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In most metropolitan areas computing professionals can participate in a broad range of professional organizations and user groups. Those organizations typically hold monthly meetings featuring a speaker or a panel discussion on a topic of interest to the membership. Most of the meetings are held after working hours and provide food ranging from a light snack to a full dinner.
Depending on the size of the organization those meetings are held in conference rooms, classrooms, or auditoriums either provided gratis by a host organization or rented from a hotel, a restaurant, or a conference facility. Universities have been especially hospitable.
A distrubing trend
For the past decade or so more and more of those meetings are being held in remote locations accessible only by private automobile. Participants who don't own a car, who don't wish to get mired in rush-hour traffic, or who can't find a ride with a colleague have to miss hearing an interesting speaker or a learning about a relevant topic.
It's environmentally hostile when a private party holds a wedding reception in an inaccessible location, but it's inexcusable for a responsible professional organization to do so month after month.
Why are they doing this?
To be fair, we have to note that meeting rooms, especially free ones, are getting harder and harder to find. Universities are scheduling more evening classes and converting their meeting rooms to class rooms. Corporations that offer their facilities are moving to the remote suburbs. (Those corporations are the really environmentally hostile institutions.)
I was inspired to write this little essay this morning when my E-mail brought notice of an IIBA meeting that not only looked interesting but also would present a topic that I need to know more about in my consulting business. It was scheduled for the same night as the next C-SPIN meeting, but I don't have to make that tough choice: Both of them are in God-forsaken locations accessible only by private car through peak rush-hour traffic. I shall attend neither.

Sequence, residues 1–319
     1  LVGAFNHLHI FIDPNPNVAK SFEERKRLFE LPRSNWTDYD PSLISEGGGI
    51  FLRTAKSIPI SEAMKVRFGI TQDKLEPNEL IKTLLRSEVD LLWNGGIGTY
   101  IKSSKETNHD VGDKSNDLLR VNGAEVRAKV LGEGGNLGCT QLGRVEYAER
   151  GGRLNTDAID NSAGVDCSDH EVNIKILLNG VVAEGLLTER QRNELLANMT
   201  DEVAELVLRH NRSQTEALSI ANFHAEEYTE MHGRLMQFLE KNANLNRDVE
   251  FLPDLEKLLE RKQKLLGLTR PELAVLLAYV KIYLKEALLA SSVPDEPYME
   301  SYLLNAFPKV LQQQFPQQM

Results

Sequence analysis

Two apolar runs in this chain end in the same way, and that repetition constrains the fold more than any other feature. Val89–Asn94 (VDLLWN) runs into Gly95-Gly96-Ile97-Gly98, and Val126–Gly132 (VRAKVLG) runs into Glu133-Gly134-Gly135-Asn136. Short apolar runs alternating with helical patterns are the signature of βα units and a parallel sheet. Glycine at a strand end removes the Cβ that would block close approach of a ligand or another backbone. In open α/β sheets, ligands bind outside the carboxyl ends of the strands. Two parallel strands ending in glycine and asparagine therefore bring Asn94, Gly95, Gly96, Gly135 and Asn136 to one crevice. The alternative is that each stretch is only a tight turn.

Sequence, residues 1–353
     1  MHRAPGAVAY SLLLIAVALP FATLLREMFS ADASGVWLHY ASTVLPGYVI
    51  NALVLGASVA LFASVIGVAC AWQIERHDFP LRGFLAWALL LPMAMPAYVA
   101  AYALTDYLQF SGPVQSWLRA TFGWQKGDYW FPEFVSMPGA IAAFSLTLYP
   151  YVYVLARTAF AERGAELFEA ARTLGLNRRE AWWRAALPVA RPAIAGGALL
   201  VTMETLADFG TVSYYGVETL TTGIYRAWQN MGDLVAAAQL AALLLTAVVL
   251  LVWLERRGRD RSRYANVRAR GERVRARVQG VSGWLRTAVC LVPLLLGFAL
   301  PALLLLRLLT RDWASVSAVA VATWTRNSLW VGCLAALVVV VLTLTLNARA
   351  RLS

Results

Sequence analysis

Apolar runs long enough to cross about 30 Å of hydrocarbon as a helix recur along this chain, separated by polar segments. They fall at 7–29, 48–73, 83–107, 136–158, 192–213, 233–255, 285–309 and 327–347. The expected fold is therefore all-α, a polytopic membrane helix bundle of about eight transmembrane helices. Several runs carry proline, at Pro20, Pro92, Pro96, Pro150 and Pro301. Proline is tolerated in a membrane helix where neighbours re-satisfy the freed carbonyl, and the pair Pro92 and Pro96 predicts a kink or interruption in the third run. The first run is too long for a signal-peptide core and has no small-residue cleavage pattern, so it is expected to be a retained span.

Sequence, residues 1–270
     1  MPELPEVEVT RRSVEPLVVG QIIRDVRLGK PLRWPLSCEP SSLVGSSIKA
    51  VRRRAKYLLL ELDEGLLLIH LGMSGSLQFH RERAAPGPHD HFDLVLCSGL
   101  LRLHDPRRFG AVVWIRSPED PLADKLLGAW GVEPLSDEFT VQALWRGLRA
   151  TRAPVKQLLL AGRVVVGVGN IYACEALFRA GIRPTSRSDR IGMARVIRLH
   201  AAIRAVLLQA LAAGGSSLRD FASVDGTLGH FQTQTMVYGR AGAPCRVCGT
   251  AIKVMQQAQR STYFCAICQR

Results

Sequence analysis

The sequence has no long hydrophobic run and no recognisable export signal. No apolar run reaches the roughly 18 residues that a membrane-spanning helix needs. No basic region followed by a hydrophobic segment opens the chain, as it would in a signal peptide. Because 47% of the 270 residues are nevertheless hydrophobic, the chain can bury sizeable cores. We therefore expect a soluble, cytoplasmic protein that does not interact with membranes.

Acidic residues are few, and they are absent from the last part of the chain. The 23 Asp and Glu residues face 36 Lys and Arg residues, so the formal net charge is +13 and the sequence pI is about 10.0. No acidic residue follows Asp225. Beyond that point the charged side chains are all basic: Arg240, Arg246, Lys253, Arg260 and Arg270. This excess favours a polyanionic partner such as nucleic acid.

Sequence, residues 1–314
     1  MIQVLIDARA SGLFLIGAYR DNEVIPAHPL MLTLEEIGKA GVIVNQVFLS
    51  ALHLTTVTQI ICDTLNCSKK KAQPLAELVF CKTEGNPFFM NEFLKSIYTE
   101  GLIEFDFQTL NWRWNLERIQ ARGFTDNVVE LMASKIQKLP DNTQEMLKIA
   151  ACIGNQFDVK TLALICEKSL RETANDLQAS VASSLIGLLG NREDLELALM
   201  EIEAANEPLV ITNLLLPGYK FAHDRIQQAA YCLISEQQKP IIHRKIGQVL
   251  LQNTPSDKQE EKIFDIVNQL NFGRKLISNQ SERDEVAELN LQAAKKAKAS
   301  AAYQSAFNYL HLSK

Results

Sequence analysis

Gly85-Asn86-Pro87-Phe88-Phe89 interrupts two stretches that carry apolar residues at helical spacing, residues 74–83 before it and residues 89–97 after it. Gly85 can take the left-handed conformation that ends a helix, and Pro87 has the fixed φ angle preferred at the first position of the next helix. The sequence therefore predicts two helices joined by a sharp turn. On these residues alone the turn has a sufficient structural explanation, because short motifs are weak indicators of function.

By contrast a number of envirnomentally friendly Chicago-area organizations hold their meetings in locations easily accessible by rapid transit, bus, or commuter train. They include ACM Chicago Chapter, the Chicago Java user group, and the Association of PC Users. In New York the SPIN organization meets in lower Manhattan and draws steady attendance.
You'll find a similar split around other major cities.
In defending their meeting sites, a few organization officers cite their membership demographics: "Most of our members live or work in the suburbs," they point out, "and they don't find our meeting site inaccessible at all. In fact, they love it.".
I even once heard a membership survey taken at a northwest suburban meeting! Not surprisingly it showed a strong preference for meeting in the northwest suburbs. The principle that they overlook is obvious when you think about it:
It's a lot easier for people in the suburbs to attend a downtown meeting than for people in the city to attend an evening meeting in the suburbs.
In major metropolitan areas, commuters can leave their cars at a suburban train station near their homes. Commuter trains leave the city for suburban destination in mid-evening right after the meeting. Get on the train and relax with the newspaper or a professional journal.
And for the few who have to drive, they still avoid the worst traffic, which is outbound around 5:30 P.M.
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Last modified 25 September 2009